The Customs Department and the Barbados Port Inc. (BPI) have put systems in place to alleviate issues being experienced by some of their stakeholders, following the recent implementation of ASYCUDA World.
This was made clear when Minister in the Ministry of Finance, Ryan Straughn; Chairman of the BPI, Senator Lisa Cummins; Comptroller of Customs, Owen Holder; and Chief Executive Officer (CEO), David Jean-Marie, hosted a press conference last evening to give an update on the system’s performance.
Mr. Straughn said Customs and BPI officials had already met with a number of agents and customs brokers and some solutions had already been put in place regarding technical issues.
He stressed that there would be more testing from government’s side with respect to a few reported peculiarities.
“There has been an increase in the number of declarations going through the [ASYCUDA] system and that has been a response to a number of the solutions put in place by the Customs Department, in collaboration with the Bridgetown Port….
“Some people have not experienced difficulty because they have accurately submitted the data, which allows the Customs to perform the functions, which then allows the Barbados Port to do what it has to do. The system is working, therefore the support, which will continue to be given to the stakeholders by Customs, will continue until agents are comfortable,” he stated.
Senator Cummins added that during a meeting held before the press conference, the entire importation of goods process was mapped, so the bottlenecks being experienced could be isolated and solutions applied.
“I want to assure the business community, importers and public that we are putting measures in place that we expect that by the weekend we are able to see a significant improvement in the flow of cargo out of the Bridgetown Port…. We are asking for your patience and…your cooperation, and we are pledging to give our full support to finding a full solution to this matter,” she insisted.
Senator Cummins pointed out that they would be engaging daily with stakeholders in an effort to prevent any problems, and if they do occur to have them resolved quickly. She noted that a lot of training had been conducted by the ASYCUDA World Project Team, prior to its implementation.
She added that starting today, port agents, shipping agents and representatives of the carriers could make contact with the ASYCUDA World Project Team “to schedule additional hand-holding exercises”, so there could be trouble shooting with regard to putting data into the system.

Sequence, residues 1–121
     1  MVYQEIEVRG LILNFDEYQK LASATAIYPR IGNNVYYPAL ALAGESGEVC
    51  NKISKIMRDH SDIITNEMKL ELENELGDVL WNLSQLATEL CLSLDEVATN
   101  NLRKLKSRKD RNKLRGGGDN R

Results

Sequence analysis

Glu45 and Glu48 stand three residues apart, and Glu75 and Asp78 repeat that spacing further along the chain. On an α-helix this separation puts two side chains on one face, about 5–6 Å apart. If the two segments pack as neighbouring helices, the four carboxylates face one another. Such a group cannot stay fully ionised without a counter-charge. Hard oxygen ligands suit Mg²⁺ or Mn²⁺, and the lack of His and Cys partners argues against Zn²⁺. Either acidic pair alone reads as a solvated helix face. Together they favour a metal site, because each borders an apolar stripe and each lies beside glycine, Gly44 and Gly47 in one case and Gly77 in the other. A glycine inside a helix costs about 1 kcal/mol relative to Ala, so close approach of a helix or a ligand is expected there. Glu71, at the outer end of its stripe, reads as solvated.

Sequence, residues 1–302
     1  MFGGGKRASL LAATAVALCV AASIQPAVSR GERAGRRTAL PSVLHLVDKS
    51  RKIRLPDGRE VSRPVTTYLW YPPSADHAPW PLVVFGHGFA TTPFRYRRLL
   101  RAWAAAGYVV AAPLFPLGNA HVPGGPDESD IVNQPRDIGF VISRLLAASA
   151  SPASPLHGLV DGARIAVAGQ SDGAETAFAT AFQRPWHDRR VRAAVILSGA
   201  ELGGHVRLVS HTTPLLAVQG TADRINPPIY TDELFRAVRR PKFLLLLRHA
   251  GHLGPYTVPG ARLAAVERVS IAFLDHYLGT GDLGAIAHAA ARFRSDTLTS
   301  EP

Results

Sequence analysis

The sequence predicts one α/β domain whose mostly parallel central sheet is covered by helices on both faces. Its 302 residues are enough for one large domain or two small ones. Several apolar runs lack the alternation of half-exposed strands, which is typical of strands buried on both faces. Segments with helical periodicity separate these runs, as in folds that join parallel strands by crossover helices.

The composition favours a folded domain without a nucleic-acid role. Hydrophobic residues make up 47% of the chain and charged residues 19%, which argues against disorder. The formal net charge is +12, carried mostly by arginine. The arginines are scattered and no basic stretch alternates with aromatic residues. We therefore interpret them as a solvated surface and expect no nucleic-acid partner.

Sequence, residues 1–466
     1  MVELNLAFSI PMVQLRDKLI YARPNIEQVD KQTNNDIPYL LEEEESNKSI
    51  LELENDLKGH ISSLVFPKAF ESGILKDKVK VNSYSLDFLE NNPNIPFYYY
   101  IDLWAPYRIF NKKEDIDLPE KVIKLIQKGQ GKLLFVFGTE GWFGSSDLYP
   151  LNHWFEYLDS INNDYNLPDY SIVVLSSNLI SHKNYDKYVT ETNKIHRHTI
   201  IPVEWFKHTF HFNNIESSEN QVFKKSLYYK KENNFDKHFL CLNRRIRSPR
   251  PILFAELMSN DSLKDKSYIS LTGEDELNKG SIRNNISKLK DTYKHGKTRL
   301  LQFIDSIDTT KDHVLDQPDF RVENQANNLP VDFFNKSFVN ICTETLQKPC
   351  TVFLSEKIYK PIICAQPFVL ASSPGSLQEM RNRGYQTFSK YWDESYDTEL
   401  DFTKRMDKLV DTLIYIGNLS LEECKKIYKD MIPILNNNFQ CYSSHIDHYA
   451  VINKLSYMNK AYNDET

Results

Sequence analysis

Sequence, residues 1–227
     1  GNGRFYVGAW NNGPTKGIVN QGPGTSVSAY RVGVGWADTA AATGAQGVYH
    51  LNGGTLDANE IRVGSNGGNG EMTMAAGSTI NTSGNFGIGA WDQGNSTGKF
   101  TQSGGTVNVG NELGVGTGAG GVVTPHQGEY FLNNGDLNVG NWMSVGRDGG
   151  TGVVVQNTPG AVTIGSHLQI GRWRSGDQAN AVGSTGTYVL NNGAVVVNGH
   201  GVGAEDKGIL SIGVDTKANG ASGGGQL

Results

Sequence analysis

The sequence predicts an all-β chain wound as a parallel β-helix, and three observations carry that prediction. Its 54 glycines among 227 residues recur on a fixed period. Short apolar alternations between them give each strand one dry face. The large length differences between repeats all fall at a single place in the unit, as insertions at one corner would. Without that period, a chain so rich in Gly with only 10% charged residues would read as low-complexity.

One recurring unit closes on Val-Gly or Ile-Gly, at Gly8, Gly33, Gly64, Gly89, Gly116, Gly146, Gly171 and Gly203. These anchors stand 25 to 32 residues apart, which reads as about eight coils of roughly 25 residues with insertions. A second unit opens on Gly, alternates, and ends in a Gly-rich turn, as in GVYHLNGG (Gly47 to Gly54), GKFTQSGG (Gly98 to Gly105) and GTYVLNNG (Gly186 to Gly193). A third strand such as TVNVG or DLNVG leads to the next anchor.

She explained: “If it (the information) is not put into the system correctly at source, it will create bottlenecks throughout the system and ASYCUDA World cannot process it.”
Senator Cummins also said officials would engage with the shipping lines to discuss demurrage charges on behalf of the importers. She stressed that as it related to port and storage fees, the BPI was favourably disposed to agreeing to waive fees on a case-by-case basis, so importers could have diminished costs associated with the transitional period.
Comptroller Holder said a Frequently Asked Questions brochure would be developed; circulated to all the stakeholders and placed on the ASYCUDA portal.
He added that there were a few issues with regard to the tariffs and a team was currently working on them. He noted that those tariff issues, as well as those pertaining to the Customs Procedure Code, should be completed soon.
He pointed out that agents would be allowed to access the BPI portal to correct any information submitted in the manifest. Mr. Holder explained that the BPI would also do adjustments to the controls for receiving the manifest, so they could be easily received in the system.
CEO of BPI, Jean-Marie, said the operating hours of the port would be extended as required, to ensure the proper flow of cargo. He added that this would not be any additional costs to importers.